Working through this large an OPML file is a chore. First, I tried to do it manually. Too much work. Then I tried to find tools to help. I found a six year old github repo to find dead feeds. It found a few, but mostly got it wrong. Instead, I’ve imported the OPML to my Firefox LiveMarks extension. It’s not the perfect solution, but at least I’m able to go through the list faster and cull it satisfactorily.

Other than the feeds that are dead, I’m also striving to shed some weight. At some point, I subbed to some GTD and Productivity feeds. Deleted those. It’s no longer my area of interest. Older still are feeds related to Network Engineering. It’s what my MS is in, but it’s no longer my main area of concern. So I’ve removed those. I’m also removing webcomics that haven’t been updated since mid-2019. There are quite a few of those. Frankly, it’s fine if the authors want to take a break. I, too, don’t update my blog often. But there are other ways for me to discover their content. Tapas and Instagram are doing a good job, so I’m going to lean on those for my comic needs. This doesn’t mean all webcomics are going away from my feeds. On the contrary, I’m keeping most of them, specially long-running stories that I follow keenly, like Gaia comic, and Slack Wyrm. But others are out.

At some point I also subscribed to a lot of programming related blogs. Those are nice navel-gazing, but ultimately worthless to me. I’m not a programmer, I’m a scripter. I’m not into deep programming concepts even on the languages that are my bread, butter, and jam – python and JavaScript. So for me to sub to serious computer scientists and programmers was a mistake then, and is a mistake now. It’s not that I won’t glean something off them, just that I don’t need to, right now.

This is tough work, but it’ll be worth it in the end. Recently, I found out that a friend has a very strict gate on who she follows on Instagram. She has a roster of 99 people and whenever she has to follow someone new, she forces herself to remove one person from the list. I’ve never, ever removed a feed from my list. This is the same list I’ve been carrying around since my first RSS feed reader – Fever – and some items are even carried forward from Google Reader. I’ve always thought that at best, the feeds that die are not much extra weight than some processing cycles, and at worst, the items I don’t read get deleted at the end of my 15 days, one month, two months, 90 days limit. That moving limit is part of the cause of all this trouble I’m in.

But the largest forcing function is my feed reader. Fiery Feeds is an awesome piece of software and Lukas Burgstaller is an exceptional dev, and a highly responsive support person. But I made a conscious choice at one point to move away from all server-side RSS feed services and use Fiery Feeds’ native, on-device accounts. I’m paying for the app because I love and want to support it, so I might as well use the biggest feature Lukas has introduced. But this on-device, synced-via-iCloud system has its drawbacks, and this means that I can’t be an ignorant buffoon about my feeds any more. I have to shed, cull, strip, whatever you want to call it.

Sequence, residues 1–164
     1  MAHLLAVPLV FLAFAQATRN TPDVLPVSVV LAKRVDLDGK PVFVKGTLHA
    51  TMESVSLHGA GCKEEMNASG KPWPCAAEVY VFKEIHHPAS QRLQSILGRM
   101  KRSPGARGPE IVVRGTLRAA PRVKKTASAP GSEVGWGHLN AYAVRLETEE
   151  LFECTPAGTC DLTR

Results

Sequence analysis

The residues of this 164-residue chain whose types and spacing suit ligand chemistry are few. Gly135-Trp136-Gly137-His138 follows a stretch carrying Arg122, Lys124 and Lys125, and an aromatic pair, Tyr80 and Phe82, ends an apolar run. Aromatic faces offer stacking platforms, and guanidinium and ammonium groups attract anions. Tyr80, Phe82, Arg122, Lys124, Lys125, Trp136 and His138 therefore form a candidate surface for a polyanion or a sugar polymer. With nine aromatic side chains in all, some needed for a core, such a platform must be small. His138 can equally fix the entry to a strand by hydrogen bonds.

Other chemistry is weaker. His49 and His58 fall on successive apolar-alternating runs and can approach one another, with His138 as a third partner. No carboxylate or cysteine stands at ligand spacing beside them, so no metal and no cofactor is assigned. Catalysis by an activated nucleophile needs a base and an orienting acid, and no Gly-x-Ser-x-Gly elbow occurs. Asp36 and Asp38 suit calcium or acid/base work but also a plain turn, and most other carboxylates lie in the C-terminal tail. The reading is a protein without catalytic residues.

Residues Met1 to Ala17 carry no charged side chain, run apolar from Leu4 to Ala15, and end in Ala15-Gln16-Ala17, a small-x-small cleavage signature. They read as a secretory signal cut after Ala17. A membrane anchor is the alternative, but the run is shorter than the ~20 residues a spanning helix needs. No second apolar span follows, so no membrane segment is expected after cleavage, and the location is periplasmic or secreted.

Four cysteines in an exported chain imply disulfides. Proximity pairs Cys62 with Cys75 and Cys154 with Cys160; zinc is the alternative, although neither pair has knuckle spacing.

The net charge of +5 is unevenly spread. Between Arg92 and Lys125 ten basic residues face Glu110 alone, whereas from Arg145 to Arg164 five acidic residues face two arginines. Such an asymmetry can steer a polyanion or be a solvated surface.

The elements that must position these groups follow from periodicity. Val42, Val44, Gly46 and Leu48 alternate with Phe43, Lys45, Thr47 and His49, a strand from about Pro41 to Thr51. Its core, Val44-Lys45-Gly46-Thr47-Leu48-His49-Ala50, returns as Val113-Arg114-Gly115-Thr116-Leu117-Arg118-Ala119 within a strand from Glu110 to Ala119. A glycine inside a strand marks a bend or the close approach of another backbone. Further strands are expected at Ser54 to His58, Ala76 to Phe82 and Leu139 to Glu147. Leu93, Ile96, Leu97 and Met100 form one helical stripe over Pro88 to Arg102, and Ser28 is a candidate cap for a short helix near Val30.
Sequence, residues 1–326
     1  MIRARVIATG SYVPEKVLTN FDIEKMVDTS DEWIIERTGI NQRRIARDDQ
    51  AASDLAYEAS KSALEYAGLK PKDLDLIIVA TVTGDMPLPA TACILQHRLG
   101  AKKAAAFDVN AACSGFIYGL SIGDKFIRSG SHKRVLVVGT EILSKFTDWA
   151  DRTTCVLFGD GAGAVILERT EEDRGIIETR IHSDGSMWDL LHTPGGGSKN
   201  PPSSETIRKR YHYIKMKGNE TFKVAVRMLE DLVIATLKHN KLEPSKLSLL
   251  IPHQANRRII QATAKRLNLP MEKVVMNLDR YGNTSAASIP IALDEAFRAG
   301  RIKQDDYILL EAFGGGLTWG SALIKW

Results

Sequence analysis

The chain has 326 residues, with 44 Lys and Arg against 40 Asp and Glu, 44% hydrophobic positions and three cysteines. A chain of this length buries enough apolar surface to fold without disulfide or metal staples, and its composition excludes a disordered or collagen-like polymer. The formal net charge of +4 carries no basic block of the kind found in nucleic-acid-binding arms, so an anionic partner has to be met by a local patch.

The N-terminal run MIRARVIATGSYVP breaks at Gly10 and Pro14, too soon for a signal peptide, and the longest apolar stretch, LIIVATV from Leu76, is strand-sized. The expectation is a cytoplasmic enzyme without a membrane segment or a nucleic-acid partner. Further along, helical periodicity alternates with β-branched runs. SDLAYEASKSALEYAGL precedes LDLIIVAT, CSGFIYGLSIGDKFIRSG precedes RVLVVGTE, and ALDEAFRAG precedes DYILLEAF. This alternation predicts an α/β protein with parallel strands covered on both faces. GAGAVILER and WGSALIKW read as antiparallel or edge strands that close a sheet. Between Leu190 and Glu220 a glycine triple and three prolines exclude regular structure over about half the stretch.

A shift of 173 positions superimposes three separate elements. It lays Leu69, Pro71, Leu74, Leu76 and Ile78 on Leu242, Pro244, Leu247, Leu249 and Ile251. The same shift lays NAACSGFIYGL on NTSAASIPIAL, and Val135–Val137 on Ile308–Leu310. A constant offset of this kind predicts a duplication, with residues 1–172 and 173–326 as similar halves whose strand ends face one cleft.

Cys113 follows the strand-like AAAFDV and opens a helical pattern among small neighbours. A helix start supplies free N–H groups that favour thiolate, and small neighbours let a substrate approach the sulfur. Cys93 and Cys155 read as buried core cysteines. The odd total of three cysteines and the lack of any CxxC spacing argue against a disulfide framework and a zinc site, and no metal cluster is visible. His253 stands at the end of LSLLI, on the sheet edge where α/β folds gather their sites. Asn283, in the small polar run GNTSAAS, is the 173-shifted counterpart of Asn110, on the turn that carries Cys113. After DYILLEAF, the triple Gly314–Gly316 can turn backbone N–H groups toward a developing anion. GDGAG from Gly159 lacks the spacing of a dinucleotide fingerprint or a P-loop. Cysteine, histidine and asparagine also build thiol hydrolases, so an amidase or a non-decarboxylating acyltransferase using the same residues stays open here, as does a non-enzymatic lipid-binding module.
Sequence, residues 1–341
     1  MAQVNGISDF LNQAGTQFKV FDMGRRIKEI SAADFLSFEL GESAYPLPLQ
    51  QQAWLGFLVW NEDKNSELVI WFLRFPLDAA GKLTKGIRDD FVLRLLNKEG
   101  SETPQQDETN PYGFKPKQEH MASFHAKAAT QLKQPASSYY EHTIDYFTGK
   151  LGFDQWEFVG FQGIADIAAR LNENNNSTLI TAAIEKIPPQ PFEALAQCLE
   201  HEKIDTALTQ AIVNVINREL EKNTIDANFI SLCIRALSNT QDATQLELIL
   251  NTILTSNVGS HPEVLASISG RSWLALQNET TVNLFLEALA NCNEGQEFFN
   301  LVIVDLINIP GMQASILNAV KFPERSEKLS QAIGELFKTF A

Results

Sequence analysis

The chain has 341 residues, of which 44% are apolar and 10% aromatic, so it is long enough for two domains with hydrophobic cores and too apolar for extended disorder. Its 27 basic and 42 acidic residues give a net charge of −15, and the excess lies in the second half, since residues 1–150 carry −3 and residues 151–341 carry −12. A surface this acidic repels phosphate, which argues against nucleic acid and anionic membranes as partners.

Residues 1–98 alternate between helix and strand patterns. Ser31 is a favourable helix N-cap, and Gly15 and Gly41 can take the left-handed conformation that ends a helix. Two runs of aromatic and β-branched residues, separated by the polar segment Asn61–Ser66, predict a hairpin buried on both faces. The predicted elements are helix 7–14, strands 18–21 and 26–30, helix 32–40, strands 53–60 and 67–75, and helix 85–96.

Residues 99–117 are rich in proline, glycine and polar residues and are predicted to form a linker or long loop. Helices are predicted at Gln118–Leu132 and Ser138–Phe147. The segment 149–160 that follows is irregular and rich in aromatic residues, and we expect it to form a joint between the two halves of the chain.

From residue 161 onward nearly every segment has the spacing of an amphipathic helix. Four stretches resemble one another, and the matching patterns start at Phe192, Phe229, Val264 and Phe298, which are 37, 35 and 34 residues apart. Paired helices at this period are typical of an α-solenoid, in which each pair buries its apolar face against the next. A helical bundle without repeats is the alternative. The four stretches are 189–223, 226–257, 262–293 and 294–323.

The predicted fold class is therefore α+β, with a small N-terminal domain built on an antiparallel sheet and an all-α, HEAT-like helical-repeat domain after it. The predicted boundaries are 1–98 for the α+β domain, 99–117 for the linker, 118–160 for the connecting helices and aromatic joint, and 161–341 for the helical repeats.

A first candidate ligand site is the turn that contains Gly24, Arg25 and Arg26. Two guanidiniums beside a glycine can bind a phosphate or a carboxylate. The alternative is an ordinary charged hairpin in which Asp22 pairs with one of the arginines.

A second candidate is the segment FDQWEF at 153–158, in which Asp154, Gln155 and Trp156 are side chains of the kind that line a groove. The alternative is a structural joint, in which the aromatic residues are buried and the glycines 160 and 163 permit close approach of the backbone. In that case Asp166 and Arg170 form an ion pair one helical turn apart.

One very interesting thing I’ve done over time is to use kill-the-newsletter.com to the best of its abilities. I do not like newsletters, but there’s a LOT of content that’s going to email newsletters exclusively nowadays, and that sucks. Kill The Newsletter converts these emails to RSS feed items. It’s not a perfect solution, specially since it’s a bit of a blackbox, but it works just fine for now and it’s FOSS, so I’m happy. So, these are a guilty pleasure I’m not getting rid of. We’ll see how this decision pans out. Maybe I’ll have to figure out a way to merge all newsletters into one RSS feed. Or use a dedicated app to read newsletters on my iPhone. There are a few of those out there now.

All in all, this is an exercise in refreshing and rethinking what I consume online. Hopefully, it’ll lead to a better feed reading experience for me.

Reeder 4 is here?!

I’ve been experimenting with Tiny Tiny RSS for a couple of weeks now, to figure out if I’m done with Fever RSS. Part of it is that Fever runs on a Digital Ocean VPS and I’d like to reduce the load on that server as much as possible.

I run TT-RSS on my home PC and get access to it using ZeroTier wherever I am. My app of choice for it on the move is Fiery Feeds. It’s a beautiful app with an amazing, rich feature set. But the main reason I use it is because Reeder doesn’t natively support TT-RSS.

But, I’m learning that I’m set in my ways. the TT-RSS web app feels just as dated as Fever, and there are some features in Fever that I really enjoyed, which I miss in TT-RSS. Since I’m looking at two dated, self-hosted RSS readers, why not go with the one I’ve used more?

Also, Fiery Feeds is gorgeous, but it’s not Reeder. Reeder is familiar and cozy. It’s got matured syncing and great UX. Fiery Feeds comes close, but there are some things which are just irksome, such as the way it opens up articles as a pop up. The cadence of Reeder’s panes is just beautiful to work with.

Today I learnt that Reeder 4 has been out since April 25th. At an absurd cross-device cost of $5, it’s a steal for all the features Reeder gives you.